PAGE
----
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The Torontoic Dialogues: Neurodivergent Reflections on Ethics

Spectrum | Interdisciplinary Undergraduate Research

The Torontoic Dialogues: Neurodivergent Reflections on Ethics


Jan A. Wozniak
Toronto Metropolitan University


Philosophical prose has a long-standing tradition in both Eastern and Western cultures. With the emergence of Zen and Platonic dialogues, writers throughout history have used non-fiction to portray the nuances of human experience. This approach has the capacity to bring ideas to life and facilitate new ways of thinking about the world around us. Following these traditions, this experimental piece provides an autobiographical retelling of philosophical discussions between neurodivergent students in Toronto, Canada. During their conversation, the characters spend considerable time analyzing complex social and political topics, with careful attention being given to personal responsibility and the distinction between thoughts and actions. Travelling through the busy streets of modern life, the narrator eventually has a revelatory moment with a stranger that disrupts his tendency to live inside his head and overintellectualize.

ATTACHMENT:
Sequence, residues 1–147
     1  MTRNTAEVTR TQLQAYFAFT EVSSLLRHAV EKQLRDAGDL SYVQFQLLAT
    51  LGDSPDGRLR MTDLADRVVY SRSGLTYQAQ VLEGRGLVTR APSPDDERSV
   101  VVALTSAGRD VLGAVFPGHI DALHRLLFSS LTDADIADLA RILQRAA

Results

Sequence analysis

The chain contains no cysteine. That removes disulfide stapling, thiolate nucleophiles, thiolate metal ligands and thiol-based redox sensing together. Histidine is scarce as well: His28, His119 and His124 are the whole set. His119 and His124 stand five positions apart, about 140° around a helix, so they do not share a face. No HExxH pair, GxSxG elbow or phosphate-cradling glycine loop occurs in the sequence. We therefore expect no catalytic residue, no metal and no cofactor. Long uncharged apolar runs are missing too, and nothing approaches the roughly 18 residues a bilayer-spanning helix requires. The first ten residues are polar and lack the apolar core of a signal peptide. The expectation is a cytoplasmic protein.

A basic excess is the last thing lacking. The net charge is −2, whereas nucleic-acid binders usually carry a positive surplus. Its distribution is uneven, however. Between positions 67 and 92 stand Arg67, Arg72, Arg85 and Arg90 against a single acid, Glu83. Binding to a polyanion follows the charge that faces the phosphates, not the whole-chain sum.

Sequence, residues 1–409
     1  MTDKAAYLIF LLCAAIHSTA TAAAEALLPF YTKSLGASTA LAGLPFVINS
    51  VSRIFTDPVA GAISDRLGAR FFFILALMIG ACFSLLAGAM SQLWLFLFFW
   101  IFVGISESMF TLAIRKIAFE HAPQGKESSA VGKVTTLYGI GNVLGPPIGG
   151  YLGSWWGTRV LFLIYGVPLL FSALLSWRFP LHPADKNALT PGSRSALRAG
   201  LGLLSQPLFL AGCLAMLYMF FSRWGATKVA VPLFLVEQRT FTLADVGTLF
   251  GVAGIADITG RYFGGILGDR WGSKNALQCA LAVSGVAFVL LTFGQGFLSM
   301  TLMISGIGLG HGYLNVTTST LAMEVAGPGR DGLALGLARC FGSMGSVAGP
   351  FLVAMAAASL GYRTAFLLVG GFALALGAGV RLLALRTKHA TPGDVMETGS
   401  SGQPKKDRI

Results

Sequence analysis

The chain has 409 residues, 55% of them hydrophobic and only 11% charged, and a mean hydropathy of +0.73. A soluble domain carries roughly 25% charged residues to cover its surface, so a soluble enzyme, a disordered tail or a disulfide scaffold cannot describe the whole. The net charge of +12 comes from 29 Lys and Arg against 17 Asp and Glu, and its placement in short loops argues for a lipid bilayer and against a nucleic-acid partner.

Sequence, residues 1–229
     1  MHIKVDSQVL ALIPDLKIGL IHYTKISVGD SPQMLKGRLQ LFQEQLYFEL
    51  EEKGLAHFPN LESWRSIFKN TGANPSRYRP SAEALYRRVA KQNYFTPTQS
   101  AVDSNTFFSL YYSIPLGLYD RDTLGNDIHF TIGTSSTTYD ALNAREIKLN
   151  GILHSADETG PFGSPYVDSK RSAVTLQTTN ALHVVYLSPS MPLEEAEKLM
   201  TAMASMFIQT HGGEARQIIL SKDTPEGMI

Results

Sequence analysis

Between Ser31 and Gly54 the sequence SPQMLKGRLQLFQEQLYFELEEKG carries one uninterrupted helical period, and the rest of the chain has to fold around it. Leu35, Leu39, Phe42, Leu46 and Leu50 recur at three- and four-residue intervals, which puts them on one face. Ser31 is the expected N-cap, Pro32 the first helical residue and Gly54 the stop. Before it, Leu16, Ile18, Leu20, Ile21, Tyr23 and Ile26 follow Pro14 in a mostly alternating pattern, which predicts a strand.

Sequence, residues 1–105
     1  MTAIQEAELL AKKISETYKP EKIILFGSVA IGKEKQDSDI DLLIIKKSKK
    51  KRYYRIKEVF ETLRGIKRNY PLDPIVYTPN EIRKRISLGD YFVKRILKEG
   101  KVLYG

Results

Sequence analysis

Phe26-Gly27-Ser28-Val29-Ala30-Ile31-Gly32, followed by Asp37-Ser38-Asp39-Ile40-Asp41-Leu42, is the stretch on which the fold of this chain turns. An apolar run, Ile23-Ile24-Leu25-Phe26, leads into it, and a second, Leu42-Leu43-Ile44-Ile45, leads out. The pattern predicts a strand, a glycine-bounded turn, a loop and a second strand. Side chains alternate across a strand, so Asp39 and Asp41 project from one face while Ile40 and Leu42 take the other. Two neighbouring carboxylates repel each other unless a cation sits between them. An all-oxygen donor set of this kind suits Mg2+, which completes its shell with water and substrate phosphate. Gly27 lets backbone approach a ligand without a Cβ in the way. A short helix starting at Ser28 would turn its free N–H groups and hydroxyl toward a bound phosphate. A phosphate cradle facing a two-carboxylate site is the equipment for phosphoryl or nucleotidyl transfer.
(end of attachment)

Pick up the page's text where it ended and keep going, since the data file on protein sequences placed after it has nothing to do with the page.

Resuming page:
Author’s Note: This piece serves as a reminder that non-fiction writing can be used to analyze and interpret human affairs. By embracing methodological pluralism, scholars can employ writing styles and techniques that overcome the rigidity of academic writing. At times, creative and personal forms of writing are better suited for capturing ethical experiences and social life. As an interdisciplinary journal, Spectrum provides an open terrain for innovative, multidisciplinary authorship. Given this work’s critical and self-reflective goals, especially with its inclusion of phenomenology, ethics, and social philosophy, the writing provides a balance of artistry and intellectual rigour suitable for a scholarly journal such as this.